This opinion will be unpublished and

may not be cited except as provided by

Minn. Stat. § 480A.08, subd. 3 (1998).






Jana Beth Harrer, petitioner,





Commissioner of Public Safety,




Filed July 11, 2000


Amundson, Judge


Anoka County District Court

File No. C2-99-4995


Douglas V. Hazelton, 600 South Highway 169, Suite 817, Minneapolis, MN 55426 (for appellant)


Mike Hatch, Attorney General, Max A. Keller, Assistant Attorney General, 525 Park Street, Suite 500, St. Paul, MN 55103 (for respondent)



            Considered and decided by Toussaint, Chief Judge, Amundson, Judge, and Huspeni, Judge.*

U N P U B L I S H E D   O P I N I O N



Appellant challenges an order sustaining the revocation of her driving privileges arguing that the arresting officer lacked probable cause to make a custodial arrest for obstructing of legal process.  We affirm.


On June 6, 1999, Anoka county police officer Andrew Youngquist was dispatched to the apartment of Jason Lazerte to investigate a domestic situation where appellant Jana Harrer, Lazerte’s girlfriend, refused to leave the premises of Lazerte’s apartment.  Upon his arrival at Lazarte’s apartment complex parking lot, Officer Youngquist noticed a car idling in the same space as a parked motorcycle.  He ran the license plates on his computer and learned that the car was registered to Harrer.

Officer Youngquist approached the driver’s side of the vehicle and observed that it was no longer running and that an adult woman was in the driver’s seat.  Officer Youngquist knocked on the window and asked her to roll it down.  She responded verbally but he could not hear her through the window.  However, he asked the occupant if she was “Jana” and she nodded in affirmance.  Officer Youngquist again asked her to roll down the window, but she continued to speak inaudibly through the window.  Officer Youngquist told Harrer that he could not hear her and asked her to roll down the window or open the door.

At this point, Officer Mike Antigua arrived and also attempted to speak with Harrer; she continued to refuse to roll down the window or open her door.  Officer Antigua warned Harrer that if she did not comply, a tool would be used to unlock her doors.  Officer Antigua then attempted to open the doors using a tool, but every time he got them unlocked, Harrer would re-lock them electronically before he could open the door.

After ten minutes of unsuccessful attempts to communicate with Harrer, Officer Youngquist returned to his squad, called Lazerte, and ascertained the factual background scenario that compelled Lazerte to call the police.  Lazerte said he was in the process of ending a romantic relationship with Harrer.  She had been calling him from a telephone in the lobby of his apartment building for an hour.  Harrer somehow gained access into the apartment building and went to his door.  Lazerte asked Harrer to leave, but she forced herself into the apartment and refused to leave.  After Lazerte removed her, she resumed calling him from the lobby phone and threatened to push over his motorcycle and damage his truck.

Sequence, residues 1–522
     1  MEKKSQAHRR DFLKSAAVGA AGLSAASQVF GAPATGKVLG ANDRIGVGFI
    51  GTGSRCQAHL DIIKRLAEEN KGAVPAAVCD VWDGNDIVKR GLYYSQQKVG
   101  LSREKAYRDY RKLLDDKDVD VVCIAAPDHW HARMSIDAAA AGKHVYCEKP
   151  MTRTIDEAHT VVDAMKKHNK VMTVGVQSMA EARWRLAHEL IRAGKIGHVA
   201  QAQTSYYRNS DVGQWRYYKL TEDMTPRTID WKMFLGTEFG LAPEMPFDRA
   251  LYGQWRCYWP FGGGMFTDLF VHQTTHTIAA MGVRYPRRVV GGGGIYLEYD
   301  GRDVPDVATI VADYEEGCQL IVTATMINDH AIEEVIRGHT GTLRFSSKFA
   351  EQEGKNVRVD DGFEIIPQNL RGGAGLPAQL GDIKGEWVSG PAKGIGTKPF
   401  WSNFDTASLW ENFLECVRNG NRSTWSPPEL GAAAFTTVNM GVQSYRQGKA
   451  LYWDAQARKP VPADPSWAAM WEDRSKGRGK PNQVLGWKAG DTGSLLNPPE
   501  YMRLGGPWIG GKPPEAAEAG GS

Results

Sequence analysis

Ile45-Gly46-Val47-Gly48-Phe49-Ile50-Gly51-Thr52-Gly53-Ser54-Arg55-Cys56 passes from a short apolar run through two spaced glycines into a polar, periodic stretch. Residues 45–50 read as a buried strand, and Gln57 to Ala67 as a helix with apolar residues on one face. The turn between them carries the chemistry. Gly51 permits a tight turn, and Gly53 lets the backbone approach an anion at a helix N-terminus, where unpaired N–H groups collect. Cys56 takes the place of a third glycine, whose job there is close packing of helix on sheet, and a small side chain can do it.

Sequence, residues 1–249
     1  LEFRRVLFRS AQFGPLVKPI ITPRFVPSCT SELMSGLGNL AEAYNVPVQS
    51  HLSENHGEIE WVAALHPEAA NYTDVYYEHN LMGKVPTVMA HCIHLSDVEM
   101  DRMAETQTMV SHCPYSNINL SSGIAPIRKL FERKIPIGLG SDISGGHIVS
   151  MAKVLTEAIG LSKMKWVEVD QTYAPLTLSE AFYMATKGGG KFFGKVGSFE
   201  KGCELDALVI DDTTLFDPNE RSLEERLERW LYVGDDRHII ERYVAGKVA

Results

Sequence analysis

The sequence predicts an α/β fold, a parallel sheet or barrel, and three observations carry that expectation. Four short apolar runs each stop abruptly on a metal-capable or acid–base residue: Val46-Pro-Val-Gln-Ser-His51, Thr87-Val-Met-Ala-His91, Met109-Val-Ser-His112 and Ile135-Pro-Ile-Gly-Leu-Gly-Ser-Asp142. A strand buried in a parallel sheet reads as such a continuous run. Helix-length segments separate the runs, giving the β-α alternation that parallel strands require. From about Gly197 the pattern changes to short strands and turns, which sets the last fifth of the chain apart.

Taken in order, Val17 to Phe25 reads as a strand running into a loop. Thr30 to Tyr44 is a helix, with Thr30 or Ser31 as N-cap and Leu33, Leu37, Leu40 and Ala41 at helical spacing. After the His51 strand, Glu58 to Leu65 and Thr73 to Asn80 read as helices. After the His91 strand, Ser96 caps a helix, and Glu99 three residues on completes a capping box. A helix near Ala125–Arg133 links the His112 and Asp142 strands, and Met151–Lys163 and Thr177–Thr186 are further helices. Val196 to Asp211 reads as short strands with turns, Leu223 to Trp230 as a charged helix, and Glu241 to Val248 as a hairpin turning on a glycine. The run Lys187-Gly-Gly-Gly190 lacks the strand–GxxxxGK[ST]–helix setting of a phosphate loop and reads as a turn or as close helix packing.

While Officer Youngquist was speaking with Lazerte, several other officers continued unlocking and trying to enter Harrer’s vehicle, only to have Harrer relock them each time.  Harrer was warned several times that if she did not comply, she would be arrested for obstruction of legal process.  Finally, two officers yelled though the window that she was under arrest for obstructing legal process.  Then, one of the officers broke her window and the officers removed her from the vehicle.

Harrer was transported to the police department, administered field sobriety tests, and read the implied consent advisory.  Harrer agreed to take an intoxilyzer test, which revealed an alcohol concentration of .11.

The commissioner revoked her license and she appealed to the district court.  At the implied consent hearing, Harrer did not challenge the seizure of her person, but instead argued that the results of the intoxilizer test should be excluded because the officers did not have probable cause to arrest her for obstruction of legal process.  The district court found that Harrer interfered with the officers’ investigation and sustained the commissioner’s revocation of Harrer’s driving priveleges.  This appeal followed.